Hypermobility is defined as having an unusually or abnormally large range of movement in a joint or joints. It is effectively the opposite of stiffness (hypomobility).
A lot of people come to see us because of stiffness, so the thought of hypermobility may sound pretty good, but it comes with it’s own host of challenges. Too much movement can be just as problematic as not enough movement!
Hypermobile people may struggle with stabilising joints, are at greater risk of dislocations or subluxations, and often carry additional muscle tensions because they have to contract to hold together what ligaments otherwise would.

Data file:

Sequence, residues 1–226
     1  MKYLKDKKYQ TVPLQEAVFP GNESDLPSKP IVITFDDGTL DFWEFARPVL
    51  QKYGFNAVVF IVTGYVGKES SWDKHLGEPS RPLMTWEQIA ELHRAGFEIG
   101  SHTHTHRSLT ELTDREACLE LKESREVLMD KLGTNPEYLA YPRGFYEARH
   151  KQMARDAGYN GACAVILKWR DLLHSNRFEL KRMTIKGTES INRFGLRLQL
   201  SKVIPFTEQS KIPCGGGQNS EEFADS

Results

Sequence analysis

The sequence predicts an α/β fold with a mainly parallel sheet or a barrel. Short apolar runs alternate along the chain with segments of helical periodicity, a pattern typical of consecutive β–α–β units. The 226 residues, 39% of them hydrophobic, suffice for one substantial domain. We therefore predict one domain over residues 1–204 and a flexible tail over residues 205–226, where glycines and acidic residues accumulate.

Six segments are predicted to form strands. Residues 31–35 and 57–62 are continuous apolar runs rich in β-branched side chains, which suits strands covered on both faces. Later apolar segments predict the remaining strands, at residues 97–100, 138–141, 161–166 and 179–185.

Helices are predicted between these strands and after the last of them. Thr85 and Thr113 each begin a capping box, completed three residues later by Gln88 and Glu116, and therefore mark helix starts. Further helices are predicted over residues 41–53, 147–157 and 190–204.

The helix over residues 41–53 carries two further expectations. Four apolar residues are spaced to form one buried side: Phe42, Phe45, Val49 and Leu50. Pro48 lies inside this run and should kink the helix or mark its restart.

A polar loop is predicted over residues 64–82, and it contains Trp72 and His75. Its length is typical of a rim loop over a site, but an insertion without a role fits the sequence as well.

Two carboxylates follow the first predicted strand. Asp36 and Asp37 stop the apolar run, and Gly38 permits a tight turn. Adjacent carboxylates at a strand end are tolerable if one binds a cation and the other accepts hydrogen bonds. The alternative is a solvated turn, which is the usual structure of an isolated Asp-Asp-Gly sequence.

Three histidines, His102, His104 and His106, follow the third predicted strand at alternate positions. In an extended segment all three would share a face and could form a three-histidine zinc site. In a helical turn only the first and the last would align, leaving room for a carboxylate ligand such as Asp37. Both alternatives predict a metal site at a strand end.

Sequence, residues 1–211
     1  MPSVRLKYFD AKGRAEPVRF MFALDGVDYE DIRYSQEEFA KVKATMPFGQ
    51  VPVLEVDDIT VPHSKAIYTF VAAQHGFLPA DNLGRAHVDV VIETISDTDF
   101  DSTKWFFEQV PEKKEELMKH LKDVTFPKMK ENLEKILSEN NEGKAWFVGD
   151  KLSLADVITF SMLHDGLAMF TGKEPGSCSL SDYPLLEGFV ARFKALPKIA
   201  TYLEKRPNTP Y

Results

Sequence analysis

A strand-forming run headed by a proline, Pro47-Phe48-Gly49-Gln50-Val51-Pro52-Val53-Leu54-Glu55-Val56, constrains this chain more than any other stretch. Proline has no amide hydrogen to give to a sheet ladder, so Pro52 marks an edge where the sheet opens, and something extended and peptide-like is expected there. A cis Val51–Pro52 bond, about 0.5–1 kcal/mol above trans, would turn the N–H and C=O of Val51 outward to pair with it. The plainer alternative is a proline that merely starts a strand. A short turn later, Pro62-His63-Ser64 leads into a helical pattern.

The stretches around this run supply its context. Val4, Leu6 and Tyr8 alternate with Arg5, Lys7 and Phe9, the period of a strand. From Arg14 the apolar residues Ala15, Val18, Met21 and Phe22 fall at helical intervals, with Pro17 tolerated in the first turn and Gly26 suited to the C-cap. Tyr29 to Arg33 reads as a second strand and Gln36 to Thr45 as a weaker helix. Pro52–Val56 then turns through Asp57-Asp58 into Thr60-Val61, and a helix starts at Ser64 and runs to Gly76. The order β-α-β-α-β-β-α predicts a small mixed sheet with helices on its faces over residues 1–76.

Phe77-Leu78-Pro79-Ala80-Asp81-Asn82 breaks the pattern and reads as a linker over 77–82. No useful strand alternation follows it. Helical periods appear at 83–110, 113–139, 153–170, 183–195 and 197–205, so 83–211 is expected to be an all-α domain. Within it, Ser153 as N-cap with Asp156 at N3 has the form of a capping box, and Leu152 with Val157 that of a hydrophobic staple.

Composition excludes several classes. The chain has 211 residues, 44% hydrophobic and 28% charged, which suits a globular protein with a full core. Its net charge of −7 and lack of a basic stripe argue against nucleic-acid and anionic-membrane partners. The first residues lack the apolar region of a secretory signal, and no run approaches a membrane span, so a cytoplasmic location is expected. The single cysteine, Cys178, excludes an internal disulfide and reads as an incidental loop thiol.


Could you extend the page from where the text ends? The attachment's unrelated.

In most cases it’s purely the result of genetics – in particular, what type of collagen we produce (stretchy, or stiff). For some people it’s the result of injury, usually a previous dislocation or tear of some sort. It can also be associated with a range of musculoskeletal and cardiovascular conditions (Ehlers-Danlos Syndrome, POTS, scoliosis etc).